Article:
Scattered throughout the Sulu Archipelago of the Philippines and Borneo live the Bajau people, also known as 'Orang Laut' or Sea People. As one of the last surviving sea nomads, the Bajau make a living through fishing, trading woven mats, shells and pearls. Known for being highly skilled free divers, they deliberately rupture their eardrums from a young age to cope with the pressure and not surprisingly, many of the older Bajau are hard of hearing. They live in temporary stilt houses with no running water or electricity. Without nationality or recognition from their neighbouring countries, these sea gypsies also happen to be living in one of the world's most dangerous waters, where pirates and insurgents frequently attack.
“It's hard to ignore the harsh living conditions, but yet I was struck by how they were surrounded by the most beautiful island paradise,” says Lin Gun. Captured with compassion and driven by their dignity, these portraits of the Bajau are striking yet personal, imposing yet inviting. The larger than life prints fill the walls of That Spare Room, confronting the viewer with the immediacy of being right there with them.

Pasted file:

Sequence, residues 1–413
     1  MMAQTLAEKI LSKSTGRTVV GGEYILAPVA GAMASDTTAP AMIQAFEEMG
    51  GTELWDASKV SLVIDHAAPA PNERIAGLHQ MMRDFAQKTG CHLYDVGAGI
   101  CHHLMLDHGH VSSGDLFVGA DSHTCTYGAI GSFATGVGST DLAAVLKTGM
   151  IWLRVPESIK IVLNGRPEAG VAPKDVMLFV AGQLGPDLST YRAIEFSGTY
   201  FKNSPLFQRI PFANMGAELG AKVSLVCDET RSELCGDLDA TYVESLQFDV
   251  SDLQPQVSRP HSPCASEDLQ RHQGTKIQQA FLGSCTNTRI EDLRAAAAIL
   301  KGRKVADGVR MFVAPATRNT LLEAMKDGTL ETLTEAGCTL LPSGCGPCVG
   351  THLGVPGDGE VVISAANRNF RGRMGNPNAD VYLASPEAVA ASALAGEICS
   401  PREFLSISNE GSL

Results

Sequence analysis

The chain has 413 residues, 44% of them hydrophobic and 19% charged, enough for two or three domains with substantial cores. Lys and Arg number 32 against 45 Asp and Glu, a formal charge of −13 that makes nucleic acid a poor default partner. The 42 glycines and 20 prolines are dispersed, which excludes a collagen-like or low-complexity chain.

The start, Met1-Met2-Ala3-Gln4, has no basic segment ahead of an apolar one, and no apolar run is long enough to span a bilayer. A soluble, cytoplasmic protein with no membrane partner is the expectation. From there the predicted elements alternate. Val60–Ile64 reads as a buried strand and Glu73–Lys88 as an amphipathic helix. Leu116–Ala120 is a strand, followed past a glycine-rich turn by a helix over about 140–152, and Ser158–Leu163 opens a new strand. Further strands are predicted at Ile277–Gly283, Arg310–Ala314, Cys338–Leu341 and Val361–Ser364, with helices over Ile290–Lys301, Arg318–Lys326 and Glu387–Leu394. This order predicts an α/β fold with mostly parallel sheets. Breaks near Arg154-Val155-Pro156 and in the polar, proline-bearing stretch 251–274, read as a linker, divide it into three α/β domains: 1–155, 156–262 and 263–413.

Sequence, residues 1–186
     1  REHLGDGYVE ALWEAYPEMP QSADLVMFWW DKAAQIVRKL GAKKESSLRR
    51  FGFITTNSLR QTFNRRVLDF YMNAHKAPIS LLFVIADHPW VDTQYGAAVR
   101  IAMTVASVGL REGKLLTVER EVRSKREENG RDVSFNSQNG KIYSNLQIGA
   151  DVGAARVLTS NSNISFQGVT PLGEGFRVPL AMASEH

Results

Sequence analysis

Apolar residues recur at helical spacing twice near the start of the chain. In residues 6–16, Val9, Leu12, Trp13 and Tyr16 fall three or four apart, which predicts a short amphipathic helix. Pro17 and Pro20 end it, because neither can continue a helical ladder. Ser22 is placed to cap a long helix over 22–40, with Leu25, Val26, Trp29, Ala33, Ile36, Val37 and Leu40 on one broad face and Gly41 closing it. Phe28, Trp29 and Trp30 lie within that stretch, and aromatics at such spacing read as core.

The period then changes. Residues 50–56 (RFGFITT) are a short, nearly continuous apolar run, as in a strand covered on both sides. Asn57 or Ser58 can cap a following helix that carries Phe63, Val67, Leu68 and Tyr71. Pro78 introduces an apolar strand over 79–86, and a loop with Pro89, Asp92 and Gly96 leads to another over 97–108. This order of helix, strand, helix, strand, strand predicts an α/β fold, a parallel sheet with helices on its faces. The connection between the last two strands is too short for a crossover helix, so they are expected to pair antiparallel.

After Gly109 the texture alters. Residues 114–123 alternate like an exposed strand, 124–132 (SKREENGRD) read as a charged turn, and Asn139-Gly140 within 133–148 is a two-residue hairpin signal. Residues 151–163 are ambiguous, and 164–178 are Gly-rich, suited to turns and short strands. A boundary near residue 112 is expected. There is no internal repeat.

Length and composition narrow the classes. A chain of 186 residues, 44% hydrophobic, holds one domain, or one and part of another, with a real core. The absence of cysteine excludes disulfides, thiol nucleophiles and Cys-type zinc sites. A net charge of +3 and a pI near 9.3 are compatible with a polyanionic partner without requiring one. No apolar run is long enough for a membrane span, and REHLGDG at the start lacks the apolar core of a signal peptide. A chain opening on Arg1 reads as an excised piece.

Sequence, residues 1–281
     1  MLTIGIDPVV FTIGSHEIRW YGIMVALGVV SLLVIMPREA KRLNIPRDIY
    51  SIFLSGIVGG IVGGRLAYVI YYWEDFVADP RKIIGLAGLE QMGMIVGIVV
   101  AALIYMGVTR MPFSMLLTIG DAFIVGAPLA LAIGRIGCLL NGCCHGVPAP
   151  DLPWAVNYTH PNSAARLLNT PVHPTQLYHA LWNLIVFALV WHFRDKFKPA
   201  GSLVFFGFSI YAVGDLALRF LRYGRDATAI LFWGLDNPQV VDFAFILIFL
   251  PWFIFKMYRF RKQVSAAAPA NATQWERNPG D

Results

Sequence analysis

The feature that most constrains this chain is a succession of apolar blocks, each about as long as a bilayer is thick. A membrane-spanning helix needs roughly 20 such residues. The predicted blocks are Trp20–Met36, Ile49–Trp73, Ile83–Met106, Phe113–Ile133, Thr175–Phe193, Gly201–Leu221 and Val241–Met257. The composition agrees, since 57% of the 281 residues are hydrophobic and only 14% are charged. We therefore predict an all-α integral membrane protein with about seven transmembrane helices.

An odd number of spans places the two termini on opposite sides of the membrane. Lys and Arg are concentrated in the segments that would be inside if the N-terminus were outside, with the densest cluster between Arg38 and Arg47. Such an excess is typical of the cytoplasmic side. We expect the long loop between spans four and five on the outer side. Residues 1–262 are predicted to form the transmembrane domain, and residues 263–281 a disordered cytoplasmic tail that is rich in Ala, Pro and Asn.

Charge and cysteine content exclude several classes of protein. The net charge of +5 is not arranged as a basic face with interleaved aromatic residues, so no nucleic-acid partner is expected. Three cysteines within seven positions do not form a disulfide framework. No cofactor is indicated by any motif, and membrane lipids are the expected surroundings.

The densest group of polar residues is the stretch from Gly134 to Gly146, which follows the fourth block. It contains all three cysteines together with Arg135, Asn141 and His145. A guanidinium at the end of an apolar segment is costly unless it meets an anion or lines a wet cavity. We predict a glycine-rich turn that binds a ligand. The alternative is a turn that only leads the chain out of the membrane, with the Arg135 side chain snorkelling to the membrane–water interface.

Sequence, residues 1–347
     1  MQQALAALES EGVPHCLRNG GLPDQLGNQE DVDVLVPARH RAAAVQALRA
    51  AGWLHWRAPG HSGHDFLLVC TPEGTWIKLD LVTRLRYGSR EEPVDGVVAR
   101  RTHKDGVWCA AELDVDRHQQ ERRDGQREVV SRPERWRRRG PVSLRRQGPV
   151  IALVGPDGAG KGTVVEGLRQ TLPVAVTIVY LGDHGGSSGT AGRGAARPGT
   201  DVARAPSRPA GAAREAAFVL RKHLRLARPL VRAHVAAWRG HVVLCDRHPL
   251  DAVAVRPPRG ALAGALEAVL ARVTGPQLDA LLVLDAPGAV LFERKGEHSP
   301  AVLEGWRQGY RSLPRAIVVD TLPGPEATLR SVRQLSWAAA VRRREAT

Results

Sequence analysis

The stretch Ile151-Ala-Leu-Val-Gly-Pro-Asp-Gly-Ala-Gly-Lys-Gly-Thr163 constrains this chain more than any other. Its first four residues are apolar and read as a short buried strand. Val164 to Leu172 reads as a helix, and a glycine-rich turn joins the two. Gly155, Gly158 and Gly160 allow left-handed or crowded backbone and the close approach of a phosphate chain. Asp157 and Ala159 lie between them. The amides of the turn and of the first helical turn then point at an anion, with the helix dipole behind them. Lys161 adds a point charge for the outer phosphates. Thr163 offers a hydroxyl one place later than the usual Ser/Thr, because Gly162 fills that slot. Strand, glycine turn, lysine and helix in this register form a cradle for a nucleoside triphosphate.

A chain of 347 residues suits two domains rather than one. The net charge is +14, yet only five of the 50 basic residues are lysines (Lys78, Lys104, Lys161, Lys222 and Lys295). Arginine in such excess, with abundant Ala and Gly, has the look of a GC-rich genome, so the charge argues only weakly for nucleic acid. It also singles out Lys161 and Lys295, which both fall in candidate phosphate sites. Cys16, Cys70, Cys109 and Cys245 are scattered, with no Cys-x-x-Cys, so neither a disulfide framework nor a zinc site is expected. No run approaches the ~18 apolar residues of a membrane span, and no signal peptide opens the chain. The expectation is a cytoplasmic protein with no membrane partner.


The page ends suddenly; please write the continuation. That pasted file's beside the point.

About The Photographer:
Sung Lin Gun is a Taiwan-born Singapore based photograher. He graduated from University of Washington with a BFA in Photography. He divides his time between Beijing and Singapore as a film producer and continues to find opportunities to go on photography pilgrimages in search of great stories. He has shot commercially for brands like Miele and DBS, and he has taken portraits of many local celebrities. He is excited to be named as one of Fujifilm X-Photographers and looks forward to pushing the boundaries with his craft. This is his first solo exhibition.